A benefit to making one of the most successful mobile games on the planet is it gives one the right to predict the death of traditional gaming without being immediately laughed out of the room. Over the weekend, Rovio boss and Angry Bird's lead developer Peter Vesterbacka exercised that right during a panel discussion atthe South by Southwest Interactive Conference in Austin, where he insisted console games were 'dying', and mobile games were now the true source of innovation.
In a talk that took place Sunday afternoon, Vesterbacka argued mobile developers were more 'nimble' than traditional studios, and therefore able to offerbetter content at a greater frequency than their console competition. Though he admitted Rovio has yet tofigure out the ideal business model for mobile gaming, Vesterbacka said charging upwards of $50 for games that are %26ldquo;difficult to upgrade%26rdquo;cannot fly for very much longer.
Opining on the %26ldquo;casual gaming%26rdquo; label itself, Vesterbacka added the term was well past its expiration date and not at all reflective of the creative and substantialwork coming out of the mobile and social gaming industry.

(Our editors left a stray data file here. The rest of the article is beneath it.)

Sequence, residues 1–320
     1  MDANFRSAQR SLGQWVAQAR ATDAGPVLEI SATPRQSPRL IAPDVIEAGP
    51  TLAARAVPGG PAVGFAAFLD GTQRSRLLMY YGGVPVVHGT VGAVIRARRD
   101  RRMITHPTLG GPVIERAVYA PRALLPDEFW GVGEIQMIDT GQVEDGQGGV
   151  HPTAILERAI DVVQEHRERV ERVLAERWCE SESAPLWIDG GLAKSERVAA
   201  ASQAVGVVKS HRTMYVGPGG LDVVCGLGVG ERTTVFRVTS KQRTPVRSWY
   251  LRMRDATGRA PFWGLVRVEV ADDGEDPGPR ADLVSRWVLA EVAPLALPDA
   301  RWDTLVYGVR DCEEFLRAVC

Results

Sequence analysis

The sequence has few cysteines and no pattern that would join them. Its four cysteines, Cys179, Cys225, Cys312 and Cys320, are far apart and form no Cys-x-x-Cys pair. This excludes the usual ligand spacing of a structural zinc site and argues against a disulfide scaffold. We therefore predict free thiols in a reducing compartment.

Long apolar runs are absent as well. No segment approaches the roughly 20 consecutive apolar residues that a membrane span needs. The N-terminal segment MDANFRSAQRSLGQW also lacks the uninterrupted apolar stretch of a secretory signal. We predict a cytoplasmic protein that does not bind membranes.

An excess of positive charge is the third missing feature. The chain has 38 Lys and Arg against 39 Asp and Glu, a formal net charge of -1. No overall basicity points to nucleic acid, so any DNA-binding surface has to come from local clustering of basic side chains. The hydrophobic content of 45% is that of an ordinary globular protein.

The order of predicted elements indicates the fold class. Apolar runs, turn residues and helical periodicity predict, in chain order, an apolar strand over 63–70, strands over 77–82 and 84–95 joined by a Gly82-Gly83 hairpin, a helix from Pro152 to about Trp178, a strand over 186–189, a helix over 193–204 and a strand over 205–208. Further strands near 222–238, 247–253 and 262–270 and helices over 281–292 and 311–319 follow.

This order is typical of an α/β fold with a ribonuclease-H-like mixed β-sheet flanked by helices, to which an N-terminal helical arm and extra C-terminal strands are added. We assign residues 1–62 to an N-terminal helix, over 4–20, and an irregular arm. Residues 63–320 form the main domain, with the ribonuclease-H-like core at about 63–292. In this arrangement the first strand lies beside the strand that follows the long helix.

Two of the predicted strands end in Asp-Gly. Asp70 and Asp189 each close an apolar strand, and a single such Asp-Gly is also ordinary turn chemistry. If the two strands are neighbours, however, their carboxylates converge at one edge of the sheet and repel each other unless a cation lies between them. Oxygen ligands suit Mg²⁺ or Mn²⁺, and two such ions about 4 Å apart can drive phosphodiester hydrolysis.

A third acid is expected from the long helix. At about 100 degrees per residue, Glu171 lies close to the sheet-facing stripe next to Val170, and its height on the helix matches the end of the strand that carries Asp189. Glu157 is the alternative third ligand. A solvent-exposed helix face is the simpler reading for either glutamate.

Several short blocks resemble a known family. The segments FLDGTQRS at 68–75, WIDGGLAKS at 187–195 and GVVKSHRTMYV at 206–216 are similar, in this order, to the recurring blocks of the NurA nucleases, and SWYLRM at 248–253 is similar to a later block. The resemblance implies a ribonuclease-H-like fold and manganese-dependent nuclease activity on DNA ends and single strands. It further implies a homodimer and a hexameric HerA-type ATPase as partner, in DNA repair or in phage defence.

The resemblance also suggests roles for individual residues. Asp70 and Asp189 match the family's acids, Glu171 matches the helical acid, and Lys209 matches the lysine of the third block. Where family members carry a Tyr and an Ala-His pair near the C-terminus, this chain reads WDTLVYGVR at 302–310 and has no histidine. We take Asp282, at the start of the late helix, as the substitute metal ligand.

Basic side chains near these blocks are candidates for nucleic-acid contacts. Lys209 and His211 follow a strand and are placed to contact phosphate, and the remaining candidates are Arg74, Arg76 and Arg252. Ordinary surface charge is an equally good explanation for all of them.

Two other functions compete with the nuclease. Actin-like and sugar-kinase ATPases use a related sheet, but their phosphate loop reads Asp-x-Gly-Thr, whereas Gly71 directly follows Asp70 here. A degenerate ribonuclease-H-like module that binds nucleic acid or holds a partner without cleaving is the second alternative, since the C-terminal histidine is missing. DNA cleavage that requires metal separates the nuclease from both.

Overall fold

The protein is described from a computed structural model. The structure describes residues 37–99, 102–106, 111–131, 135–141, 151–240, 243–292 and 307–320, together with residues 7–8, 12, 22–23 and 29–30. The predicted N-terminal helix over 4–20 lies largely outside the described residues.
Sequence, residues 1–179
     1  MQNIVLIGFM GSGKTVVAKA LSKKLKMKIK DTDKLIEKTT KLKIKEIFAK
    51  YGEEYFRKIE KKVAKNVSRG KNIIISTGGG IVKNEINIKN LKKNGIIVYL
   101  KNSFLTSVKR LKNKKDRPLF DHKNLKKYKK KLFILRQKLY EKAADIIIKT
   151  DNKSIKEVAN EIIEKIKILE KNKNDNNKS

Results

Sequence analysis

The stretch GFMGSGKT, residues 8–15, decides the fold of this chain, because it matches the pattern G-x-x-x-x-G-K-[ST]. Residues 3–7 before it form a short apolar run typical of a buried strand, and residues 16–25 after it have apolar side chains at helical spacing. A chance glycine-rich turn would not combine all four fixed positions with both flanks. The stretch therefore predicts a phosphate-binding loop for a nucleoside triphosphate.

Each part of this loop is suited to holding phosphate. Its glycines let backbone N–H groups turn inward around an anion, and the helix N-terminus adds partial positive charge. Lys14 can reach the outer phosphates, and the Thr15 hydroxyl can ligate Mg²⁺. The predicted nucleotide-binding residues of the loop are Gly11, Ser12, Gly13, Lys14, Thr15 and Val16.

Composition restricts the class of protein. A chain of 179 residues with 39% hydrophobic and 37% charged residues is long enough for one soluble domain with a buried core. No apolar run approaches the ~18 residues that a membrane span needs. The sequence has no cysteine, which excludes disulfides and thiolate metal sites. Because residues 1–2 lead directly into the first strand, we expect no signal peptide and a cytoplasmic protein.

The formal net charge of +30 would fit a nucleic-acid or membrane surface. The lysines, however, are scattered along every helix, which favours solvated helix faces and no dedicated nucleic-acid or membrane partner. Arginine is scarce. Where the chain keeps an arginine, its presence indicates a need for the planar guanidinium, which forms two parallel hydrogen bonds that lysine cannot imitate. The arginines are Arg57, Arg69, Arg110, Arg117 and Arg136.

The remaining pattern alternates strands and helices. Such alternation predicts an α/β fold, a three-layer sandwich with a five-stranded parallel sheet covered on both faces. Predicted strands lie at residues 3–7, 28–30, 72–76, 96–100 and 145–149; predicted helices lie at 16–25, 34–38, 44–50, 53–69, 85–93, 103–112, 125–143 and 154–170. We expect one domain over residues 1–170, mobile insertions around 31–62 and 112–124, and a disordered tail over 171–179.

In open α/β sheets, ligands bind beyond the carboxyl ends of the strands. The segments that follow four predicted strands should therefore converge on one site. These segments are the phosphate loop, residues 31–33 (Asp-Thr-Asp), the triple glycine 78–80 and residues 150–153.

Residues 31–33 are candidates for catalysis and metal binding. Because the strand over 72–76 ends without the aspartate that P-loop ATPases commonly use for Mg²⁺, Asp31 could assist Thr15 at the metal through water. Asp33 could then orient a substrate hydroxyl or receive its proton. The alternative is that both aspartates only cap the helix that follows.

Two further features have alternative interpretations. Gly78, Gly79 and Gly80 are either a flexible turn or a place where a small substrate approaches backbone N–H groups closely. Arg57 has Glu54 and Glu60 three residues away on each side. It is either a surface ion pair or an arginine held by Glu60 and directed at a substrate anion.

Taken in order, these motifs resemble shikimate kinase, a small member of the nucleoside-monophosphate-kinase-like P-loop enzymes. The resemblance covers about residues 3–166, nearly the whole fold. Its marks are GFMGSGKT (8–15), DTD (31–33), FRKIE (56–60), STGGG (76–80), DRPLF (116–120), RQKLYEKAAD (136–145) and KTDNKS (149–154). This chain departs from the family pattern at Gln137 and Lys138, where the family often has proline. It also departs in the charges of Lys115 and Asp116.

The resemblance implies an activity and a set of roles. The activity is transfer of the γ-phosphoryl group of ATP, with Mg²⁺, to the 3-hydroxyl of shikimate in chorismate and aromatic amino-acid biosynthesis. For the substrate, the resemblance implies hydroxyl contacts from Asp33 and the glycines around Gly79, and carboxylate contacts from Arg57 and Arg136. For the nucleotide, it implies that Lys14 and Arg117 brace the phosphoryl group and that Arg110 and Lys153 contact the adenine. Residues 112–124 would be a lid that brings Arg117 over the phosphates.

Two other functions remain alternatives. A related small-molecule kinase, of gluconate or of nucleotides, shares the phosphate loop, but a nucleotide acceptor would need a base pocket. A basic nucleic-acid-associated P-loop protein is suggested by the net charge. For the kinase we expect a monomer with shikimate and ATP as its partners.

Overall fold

These are tough words from a studio that's only been in the spotlight for a couple years. Still, Angry Birdsis reported to havesurpassed 100 million downloadsthis past Saturday, and Rovio recently secured a $42 million investment from two noted venture capital firms, Accel Partners and Atomico Ventures. Who knows, maybethere's some truth to what thelittle birds are telling us.
Mar 14, 2011
Got a news tip? Let us know at email@example.com
Angry Birds animated series entering production
Cartoon based on Rovio%26rsquo;s top-selling iOS app coming soon
Bejwelled and Peggle proven to lift moods in US research underwritten by PopCap Games
Petri J%26auml;rvilehto hired as Rovio's Senior VP of Console Development